While virtually any type of physical activity can boost your mood and take your mind off your worries, dance serves as “moving meditation,” and it’s an excellent way to connect with others.
Many individuals view exercise as a chore, and for those with anxiety and/or depression, motivation to hit the treadmill can be seemingly impossible to summon. By pursuing a type of movement you actually enjoy, you’ll actually look forward to each sweat session.
Many avid swimmers refer to the sport as medicine. It’s an invigorating, yet relaxing form of physical activity that’s repetitive, making it meditative.
In a blog post published on Psychcentral.com, associate editor Therese J. Borchard writes, “I’ve always known that I climb out of any pool a lot happier than when I dove in.” She adds, “It’s like taking a Tylenol for a headache!”
You’ve probably heard that yoga is a natural stress reliever. As it turns out, finding your inner yogi can also lead to decreased anxiety and depression. According to researchers at Harvard Medical School, “the scientific study of yoga demonstrates that mental and physical health are not just closely allied, but are essentially equivalent.”
The best part? You can practice yoga virtually anywhere. A quick Google search will connect you with classes in your area. We also recommend Yoga with Adriene’s Yoga for Anxiety and Stress and Yoga for Depression on YouTube.
If you struggle with the ruminating thoughts that often accompany anxiety and depression, hiking can be particularly helpful. Doctors are now writing “nature prescriptions,” which encourage patients to disconnect from technology and reap the physical and mental health rewards of connecting with the great outdoors.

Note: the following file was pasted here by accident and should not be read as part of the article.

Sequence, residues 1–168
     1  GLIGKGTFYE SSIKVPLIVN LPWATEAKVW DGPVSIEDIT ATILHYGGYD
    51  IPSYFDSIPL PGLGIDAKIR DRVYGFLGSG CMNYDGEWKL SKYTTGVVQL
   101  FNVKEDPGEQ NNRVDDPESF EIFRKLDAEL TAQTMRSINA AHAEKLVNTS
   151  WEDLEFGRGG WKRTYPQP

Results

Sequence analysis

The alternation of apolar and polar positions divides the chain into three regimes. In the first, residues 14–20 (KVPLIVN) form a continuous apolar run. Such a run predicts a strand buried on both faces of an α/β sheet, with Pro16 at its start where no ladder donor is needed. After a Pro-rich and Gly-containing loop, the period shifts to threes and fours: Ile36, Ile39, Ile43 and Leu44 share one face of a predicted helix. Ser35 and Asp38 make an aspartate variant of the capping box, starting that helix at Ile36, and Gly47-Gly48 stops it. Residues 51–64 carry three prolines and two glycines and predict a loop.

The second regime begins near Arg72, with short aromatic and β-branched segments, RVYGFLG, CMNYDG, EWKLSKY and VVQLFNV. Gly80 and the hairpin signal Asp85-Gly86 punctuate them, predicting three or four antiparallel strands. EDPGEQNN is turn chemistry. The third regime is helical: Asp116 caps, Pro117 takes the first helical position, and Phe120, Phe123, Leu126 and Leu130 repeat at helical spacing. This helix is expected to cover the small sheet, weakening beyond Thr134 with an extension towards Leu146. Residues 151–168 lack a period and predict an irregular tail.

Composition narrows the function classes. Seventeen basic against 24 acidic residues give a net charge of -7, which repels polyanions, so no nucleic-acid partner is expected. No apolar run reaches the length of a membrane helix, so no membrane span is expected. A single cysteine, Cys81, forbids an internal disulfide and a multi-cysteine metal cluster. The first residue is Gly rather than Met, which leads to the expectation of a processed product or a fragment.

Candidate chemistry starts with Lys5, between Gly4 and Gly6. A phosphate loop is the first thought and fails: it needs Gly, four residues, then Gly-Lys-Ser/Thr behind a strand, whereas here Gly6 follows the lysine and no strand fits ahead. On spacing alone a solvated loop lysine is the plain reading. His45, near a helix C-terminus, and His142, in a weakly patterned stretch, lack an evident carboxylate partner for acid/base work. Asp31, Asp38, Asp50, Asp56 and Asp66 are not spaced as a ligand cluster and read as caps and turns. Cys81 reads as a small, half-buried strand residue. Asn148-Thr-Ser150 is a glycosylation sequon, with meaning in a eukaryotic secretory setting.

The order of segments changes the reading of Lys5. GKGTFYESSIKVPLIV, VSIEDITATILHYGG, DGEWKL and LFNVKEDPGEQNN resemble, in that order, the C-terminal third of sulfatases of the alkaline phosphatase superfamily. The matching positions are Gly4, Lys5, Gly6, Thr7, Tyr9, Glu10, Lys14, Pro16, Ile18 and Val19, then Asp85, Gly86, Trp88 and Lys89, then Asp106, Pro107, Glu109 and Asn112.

According to WebMD, just five minutes in nature can boost mood, self-esteem, and motivation. If lacing up your hiking boots seems more like a chore than a hobby, slip on your sneakers and take a brisk walk in the sunshine instead.
Another great hobby that will help you become one with nature is gardening. Whether you choose to plant an entire vegetable garden or a pot of your favorite flowers, gardening stops ruminating thoughts in their tracks and decreases the severity of other mental health symptoms.
If gardening at home isn’t an option, consider volunteering at a community garden, or stop at a local nursery and look for plants you can grow indoors.
It’s widely believed that certain foods can improve physical and mental health, but the act of cooking has also been linked to anxiety and depression relief. Preparing a meal requires focusing on the task at hand, and chopping, stirring, and sautéing can be downright meditative.
One key to keeping cooking fun is trying new ingredients. Look for recipes that incorporate foods known for their depression and anxiety-busting benefits. WebMD suggests plenty of antioxidants and protein, “smart” carbs, B vitamins, and omega-3 fatty acids.
If you’ve never spent time in the kitchen, consider taking a cooking class. You’ll learn how to whip up your own healthy meals and connect with other new chefs.
Practice Courage, Commitment, Compassion, and Companionship
It takes courage to try a new hobby, especially when you’re feeling overwhelmed and/or down. Try committing to a hobby from our list and practicing self-compassion. The last thing you need is a self-imposed guilt trip when dealing with anxiety and/or depression.
Prioritize your hobby time by scheduling the activity as you would schedule an appointment. It can also help to invite a friend to join you. Companionship can make a new activity more enjoyable and helps with accountability.